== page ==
The authors thank Semjon Shikin (NT-MDT, Moscow, Russia) for his help with the modulated friction force imaging and Alexander Alexeev and Dmitri Kozodaev for their valuable support and discussions. The Dutch Polymer Institute (DPI), Fundamenteel Onderzoek der Materie (FOM), NWO (VICI award), and the Fonds der Chemischen Industrie are acknowledged for their financial support.
Oxidation Conditions for Octadecyl Trichlorosilane Monolayers on Silicon: A Detailed Atomic Force Microscopy Study of the Effects of Pulse Height and Duration on the Oxidation of the Monolayer and the Underlying Si Substrate†
Article first published online: 27 MAY 2005
Copyright © 2005 WILEY-VCH Verlag GmbH & Co. KGaA, Weinheim
Advanced Functional Materials
Volume 15, Issue 6, pages 938–944, June, 2005
How to Cite
Wouters, D., Willems, R., Hoeppener, S., Flipse, C. F. J. and Schubert, U. S. (2005), Oxidation Conditions for Octadecyl Trichlorosilane Monolayers on Silicon: A Detailed Atomic Force Microscopy Study of the Effects of Pulse Height and Duration on the Oxidation of the Monolayer and the Underlying Si Substrate. Adv. Funct. Mater., 15: 938–944. doi: 10.1002/adfm.200400534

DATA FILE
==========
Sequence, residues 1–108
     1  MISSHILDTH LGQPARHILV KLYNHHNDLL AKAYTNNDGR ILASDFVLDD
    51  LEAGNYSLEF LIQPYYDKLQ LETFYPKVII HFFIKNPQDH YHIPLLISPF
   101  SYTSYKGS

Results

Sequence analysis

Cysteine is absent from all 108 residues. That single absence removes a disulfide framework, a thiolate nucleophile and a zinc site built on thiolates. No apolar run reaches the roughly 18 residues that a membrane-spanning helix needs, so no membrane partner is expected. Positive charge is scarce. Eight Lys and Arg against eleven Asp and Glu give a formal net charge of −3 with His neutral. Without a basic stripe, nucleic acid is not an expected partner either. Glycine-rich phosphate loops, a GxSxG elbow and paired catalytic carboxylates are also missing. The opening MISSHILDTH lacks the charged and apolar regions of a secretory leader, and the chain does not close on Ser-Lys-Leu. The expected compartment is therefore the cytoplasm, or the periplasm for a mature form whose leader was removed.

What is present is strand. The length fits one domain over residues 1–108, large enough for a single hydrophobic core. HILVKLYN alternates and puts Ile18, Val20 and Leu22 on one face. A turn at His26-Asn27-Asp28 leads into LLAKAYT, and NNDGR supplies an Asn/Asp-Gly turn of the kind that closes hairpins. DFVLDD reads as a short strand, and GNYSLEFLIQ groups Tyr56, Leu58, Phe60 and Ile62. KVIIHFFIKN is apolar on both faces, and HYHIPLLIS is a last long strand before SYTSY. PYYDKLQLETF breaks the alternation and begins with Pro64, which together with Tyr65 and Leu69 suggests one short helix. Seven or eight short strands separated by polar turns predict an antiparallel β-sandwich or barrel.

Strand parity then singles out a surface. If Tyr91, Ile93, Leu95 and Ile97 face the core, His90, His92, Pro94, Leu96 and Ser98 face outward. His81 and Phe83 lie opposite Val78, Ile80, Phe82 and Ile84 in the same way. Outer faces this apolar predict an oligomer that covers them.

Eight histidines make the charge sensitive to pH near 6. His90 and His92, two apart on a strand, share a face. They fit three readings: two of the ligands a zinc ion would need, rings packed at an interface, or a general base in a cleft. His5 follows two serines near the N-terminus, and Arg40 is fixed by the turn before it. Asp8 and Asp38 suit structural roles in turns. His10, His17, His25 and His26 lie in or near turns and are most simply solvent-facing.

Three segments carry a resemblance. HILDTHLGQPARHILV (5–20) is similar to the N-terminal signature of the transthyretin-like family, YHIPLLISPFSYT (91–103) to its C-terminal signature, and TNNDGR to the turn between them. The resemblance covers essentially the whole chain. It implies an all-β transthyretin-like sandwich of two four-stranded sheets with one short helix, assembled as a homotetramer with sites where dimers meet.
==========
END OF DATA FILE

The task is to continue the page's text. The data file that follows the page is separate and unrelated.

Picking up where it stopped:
- Issue published online: 27 MAY 2005
- Article first published online: 27 MAY 2005
- Manuscript Accepted: 17 DEC 2004
- Manuscript Received: 16 NOV 2004
- Nanolithography, scanning probe;
- Self-assembled monolayers (SAMs);
In current scanning-probe nanolithography research, substrates consisting of octadecyl trichlorosilane monolayers on silicon are often used. On one hand, the presence of an organic monolayer can be used as a passive resist, influencing the formation of silicon dioxide on the substrate, whereas in other cases the monolayer itself is patterned, creating local chemical functionality. In this study we investigate the time scales involved in either process. By looking at friction and height images of lines oxidized at different bias voltages and different pulse durations, we have determined the parameter space in which the formation of silicon dioxide is dominant as well as the region in which the oxidation of the monolayer itself is dominant.